In 1794, the fledgling French Republic stood on the brink of starvation. Paris was in the grip of the Terror, and her leadership was paralysed by the relentless, scything advance of the guillotine. In the countryside, huge changes in land ownership had combined with harsh weather to ensure that food production had sunk to catastrophic levels. Under normal circumstances, France would have been able to import the food she needed from her European neighbours, but she was at war with almost all of them. The only place she could turn for the grain she so desperately needed was from the other side of the Atlantic.
In the spring of that year, a convoy of several hundred merchant ships gathered at Hampton Roads in the Chesapeake Bay. Most of the ships were French, and every vessel was stuffed with food, either from France’s Louisiana colony, or supplied by the US government to help pay off the war loans incurred with the French during the American Revolution. On the 2nd of April, this vital grain convoy left the US, bound for the Atlantic coast of France. Meanwhile, in Europe, two fleets of warships left their home ports to meet it. A French fleet, under the command of the newly promoted Villaret-Joyeuse, was sent to escort the vital ships home, and a British fleet, under Lord Howe, with orders to stop any food getting through.
Both sides had approximately the same number of ships of the line, with 25 Royal Navy vessels facing 26 French. But although numbers slightly favoured his opponent, Howe was confident of a decisive victory. He knew that the Revolution had devastated the largely aristocratic officer corp of the pre-war French navy. Most of her naval leadership were either dead, in prison or had fled abroad. Their replacements were either hastily promoted from the lower ranks, or from outside the navy altogether. Three days of manoeuvring and skirmishing in mid-Atlantic prior to the battle only served to confirm to Howe that his fleet was the most competently led. He decided he would attempt to annihilate his opponent.
At dawn on the 1st of June his fleet was in the position he needed for his bold plan. The two fleets were sailing in parallel lines, with the British to windward of the French. He ordered all his ships to turn towards the enemy, each pass between two opponents, firing into both, and then reform in a line on the far side of the French. His opponent would then be caught between the wind and the British. It was a bold and decisive plan. It had also never been tried before, and Howe had not discussed it with his captains.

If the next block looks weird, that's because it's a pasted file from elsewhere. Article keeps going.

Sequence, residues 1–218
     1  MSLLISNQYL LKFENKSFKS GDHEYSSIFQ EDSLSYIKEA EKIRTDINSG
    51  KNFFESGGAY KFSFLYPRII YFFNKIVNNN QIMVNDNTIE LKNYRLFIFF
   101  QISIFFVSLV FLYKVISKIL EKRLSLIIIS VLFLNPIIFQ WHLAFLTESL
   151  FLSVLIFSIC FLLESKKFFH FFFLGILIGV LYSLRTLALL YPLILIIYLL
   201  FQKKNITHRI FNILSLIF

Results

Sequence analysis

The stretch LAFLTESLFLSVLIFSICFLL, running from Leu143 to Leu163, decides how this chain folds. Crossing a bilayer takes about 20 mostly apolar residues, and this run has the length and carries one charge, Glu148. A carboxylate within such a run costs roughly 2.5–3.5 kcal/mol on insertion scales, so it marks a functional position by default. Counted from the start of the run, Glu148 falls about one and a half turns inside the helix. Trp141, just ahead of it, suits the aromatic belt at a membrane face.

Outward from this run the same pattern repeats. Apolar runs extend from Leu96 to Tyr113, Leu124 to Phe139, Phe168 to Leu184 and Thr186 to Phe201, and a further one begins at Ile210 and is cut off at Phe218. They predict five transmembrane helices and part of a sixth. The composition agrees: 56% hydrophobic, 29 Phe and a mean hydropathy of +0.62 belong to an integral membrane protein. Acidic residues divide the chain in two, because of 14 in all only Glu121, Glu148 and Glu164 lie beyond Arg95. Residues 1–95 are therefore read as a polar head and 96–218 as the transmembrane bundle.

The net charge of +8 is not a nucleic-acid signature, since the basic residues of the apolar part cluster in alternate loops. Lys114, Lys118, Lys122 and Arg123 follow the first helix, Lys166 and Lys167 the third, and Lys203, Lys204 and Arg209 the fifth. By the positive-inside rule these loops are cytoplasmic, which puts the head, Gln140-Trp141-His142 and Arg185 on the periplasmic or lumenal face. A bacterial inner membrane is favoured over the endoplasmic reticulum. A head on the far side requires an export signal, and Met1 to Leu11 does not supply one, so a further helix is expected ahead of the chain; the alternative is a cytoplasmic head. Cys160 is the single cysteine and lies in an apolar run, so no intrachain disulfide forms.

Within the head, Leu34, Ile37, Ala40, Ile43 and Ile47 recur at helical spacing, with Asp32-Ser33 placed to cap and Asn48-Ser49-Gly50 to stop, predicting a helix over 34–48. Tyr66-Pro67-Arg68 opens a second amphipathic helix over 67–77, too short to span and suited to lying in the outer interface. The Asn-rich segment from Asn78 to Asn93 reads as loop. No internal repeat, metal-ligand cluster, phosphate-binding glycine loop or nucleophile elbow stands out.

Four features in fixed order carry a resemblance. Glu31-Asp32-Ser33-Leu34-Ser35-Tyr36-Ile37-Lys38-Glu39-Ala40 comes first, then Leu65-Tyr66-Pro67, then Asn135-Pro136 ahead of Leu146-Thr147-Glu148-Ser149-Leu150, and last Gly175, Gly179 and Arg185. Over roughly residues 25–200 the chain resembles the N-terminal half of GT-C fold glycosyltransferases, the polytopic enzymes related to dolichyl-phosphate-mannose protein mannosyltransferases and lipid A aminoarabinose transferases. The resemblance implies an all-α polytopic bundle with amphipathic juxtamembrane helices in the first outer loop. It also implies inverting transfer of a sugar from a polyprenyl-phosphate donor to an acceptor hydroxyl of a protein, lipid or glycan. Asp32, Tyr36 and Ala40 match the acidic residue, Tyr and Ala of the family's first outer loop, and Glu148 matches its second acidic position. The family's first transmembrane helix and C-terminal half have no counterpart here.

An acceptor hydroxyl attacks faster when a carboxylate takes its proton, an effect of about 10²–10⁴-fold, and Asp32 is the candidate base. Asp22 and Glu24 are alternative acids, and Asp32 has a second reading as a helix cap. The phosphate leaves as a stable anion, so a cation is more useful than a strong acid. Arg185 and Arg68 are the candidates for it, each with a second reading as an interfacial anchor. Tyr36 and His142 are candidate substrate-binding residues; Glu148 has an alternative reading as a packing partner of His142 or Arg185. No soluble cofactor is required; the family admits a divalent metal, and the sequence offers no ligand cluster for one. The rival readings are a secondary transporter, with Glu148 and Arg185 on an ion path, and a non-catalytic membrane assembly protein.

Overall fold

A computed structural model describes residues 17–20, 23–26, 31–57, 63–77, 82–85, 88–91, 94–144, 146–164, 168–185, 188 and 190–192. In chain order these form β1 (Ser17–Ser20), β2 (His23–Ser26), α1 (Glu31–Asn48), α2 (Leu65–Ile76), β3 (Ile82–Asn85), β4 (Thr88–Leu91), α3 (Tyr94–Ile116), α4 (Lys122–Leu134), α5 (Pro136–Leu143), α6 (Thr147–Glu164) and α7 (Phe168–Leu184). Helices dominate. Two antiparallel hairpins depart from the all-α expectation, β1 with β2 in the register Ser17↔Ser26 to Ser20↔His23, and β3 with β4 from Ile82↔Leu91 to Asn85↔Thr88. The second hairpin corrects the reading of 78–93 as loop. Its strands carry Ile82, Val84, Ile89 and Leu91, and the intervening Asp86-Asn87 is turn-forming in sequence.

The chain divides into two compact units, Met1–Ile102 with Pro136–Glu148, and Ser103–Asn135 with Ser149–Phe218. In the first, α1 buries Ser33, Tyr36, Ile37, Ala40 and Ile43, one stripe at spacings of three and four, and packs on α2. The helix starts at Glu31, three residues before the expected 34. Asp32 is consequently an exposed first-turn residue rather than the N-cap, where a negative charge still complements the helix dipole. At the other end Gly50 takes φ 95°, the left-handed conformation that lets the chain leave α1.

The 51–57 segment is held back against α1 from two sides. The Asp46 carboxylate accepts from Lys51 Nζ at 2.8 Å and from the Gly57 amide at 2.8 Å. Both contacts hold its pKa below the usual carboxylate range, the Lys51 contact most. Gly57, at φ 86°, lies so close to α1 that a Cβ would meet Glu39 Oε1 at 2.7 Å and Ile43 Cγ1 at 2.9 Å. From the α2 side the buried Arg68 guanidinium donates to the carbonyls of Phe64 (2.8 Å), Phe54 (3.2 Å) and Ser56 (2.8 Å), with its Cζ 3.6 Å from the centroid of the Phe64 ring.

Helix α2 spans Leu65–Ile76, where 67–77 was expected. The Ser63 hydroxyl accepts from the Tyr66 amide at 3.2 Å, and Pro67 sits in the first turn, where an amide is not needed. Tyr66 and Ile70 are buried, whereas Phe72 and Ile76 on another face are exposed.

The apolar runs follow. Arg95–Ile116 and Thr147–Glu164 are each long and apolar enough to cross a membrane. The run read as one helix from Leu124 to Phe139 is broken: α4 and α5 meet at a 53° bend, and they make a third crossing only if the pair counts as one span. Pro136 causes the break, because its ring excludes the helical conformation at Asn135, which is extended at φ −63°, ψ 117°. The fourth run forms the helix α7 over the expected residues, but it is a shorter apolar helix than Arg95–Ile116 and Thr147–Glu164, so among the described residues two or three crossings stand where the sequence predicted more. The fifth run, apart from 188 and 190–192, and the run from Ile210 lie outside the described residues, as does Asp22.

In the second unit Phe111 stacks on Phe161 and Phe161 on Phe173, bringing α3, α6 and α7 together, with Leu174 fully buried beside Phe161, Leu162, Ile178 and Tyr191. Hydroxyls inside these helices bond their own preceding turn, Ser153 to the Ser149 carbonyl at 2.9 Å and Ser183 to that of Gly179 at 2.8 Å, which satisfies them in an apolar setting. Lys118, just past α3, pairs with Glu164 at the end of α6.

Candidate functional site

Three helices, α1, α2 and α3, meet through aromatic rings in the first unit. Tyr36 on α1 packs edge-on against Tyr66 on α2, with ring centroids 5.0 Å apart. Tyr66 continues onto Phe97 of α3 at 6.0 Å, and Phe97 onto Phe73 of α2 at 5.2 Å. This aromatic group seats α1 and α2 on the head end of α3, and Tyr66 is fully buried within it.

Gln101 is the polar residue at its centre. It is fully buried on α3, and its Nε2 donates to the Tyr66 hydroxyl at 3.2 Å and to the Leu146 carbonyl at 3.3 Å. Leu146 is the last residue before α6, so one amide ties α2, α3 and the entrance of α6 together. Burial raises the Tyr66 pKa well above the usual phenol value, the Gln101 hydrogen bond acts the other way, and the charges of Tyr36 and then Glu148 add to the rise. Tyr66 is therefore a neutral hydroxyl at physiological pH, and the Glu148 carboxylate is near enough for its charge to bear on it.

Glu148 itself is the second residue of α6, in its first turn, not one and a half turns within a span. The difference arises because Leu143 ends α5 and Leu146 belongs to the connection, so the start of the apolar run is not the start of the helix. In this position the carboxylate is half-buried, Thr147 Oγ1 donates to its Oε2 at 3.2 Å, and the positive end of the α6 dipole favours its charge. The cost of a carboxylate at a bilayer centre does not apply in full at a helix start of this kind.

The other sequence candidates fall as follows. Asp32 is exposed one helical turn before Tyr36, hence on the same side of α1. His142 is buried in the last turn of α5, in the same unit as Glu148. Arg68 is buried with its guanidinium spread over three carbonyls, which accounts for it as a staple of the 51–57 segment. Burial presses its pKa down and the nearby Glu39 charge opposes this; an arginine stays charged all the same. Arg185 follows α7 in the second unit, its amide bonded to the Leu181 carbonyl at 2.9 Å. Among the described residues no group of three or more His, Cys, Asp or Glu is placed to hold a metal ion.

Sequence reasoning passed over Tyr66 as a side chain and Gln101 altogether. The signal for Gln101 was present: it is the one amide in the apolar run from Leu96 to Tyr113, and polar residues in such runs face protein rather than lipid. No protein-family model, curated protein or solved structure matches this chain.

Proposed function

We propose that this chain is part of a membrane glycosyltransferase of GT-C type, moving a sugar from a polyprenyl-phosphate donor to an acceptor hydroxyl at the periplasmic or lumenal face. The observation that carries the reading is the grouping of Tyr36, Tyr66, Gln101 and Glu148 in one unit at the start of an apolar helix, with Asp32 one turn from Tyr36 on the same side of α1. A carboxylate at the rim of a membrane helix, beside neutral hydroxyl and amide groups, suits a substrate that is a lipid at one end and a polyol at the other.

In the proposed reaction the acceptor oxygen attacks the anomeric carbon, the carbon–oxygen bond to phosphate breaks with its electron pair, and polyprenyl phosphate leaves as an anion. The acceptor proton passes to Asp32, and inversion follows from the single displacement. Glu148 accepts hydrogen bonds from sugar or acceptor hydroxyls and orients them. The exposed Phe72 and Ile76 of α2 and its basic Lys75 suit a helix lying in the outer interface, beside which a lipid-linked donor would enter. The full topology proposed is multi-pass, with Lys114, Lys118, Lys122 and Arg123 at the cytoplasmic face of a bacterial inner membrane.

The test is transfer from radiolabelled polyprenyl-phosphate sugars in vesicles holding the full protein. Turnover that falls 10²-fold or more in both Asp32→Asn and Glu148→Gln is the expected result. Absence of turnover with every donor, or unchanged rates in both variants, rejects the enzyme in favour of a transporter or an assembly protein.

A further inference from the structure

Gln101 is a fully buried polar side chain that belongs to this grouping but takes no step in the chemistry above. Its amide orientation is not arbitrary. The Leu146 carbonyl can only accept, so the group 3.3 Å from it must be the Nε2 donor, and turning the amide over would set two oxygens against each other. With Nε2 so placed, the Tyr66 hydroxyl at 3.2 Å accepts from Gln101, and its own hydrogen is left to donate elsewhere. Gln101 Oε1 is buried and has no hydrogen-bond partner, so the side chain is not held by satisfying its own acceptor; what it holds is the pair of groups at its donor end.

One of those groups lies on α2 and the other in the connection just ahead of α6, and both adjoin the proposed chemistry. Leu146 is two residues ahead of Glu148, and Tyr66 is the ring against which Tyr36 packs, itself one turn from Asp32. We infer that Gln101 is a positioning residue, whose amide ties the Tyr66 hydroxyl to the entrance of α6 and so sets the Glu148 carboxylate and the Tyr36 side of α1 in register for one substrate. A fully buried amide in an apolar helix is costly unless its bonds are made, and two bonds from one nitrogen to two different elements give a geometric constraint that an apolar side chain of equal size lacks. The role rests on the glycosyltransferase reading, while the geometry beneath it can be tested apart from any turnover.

When the signal to turn was made, most of Howe’s captains failed to grasp what exactly it was that their admiral wanted. Naval orthodoxy at the time was to always keep a fleet in line ahead, yet suddenly they were being asked to abandon this. Some ships, like the Defence, the Queen Charlotte and the Queen carried out Howe’s instructions; others queried the signal; while most ships ignored the troubling order, staying to windward and bombarding the French fleet in the traditional way. The result was a far less decisive battle than Howe had hoped for. Six French ships were captured, and a seventh, the Vengeur du Peuple, was sunk outright, all without the loss of any Royal Navy ships. A comfortable, if modest, victory then, rather than ‘Glorious’.
Except that the French also claim it as a victory. To Paris, the survival of the French battle fleet was of secondary importance. They had sent it to sea as a distraction, to lure the British away from the true prize, the convoy that would save the Republic from famine. Howe took the bait and the grain ships all arrived unscathed, to widespread rejoicing. France would have happily sacrificed her entire Atlantic Fleet for such a result. In the end, they only lost a handful of ships.
So was the Glorious 1st of June the naval equivalent of a race from the pages of Alice in Wonderland, where everyone wins? The truth was that it was a strategic victory for the French, and a tactical one for the British. But perhaps the lasting result of the clash was on a thoughtful, brilliant, naval captain serving in the Mediterranean at the time, who took to heart the most vital lesson of the battle. While he admired Howe’s ambition, he deplored his execution. When he too became an admiral, several years later, he made a point of sitting down each day with his captains, discussing in detail what he expected of them in battle, and running through all the possible ways in which an enemy might be encountered and then defeated.
He did it so well that when the only naval battle in that war bigger than the Glorious 1st of June took place, in 1805 off Cape Trafalgar, it didn’t matter that he was fatally wounded at the very start of the action. In Lord Nelson’s absence, his subordinates carried on with his plan, winning the annihilating victory he had planned for with such care.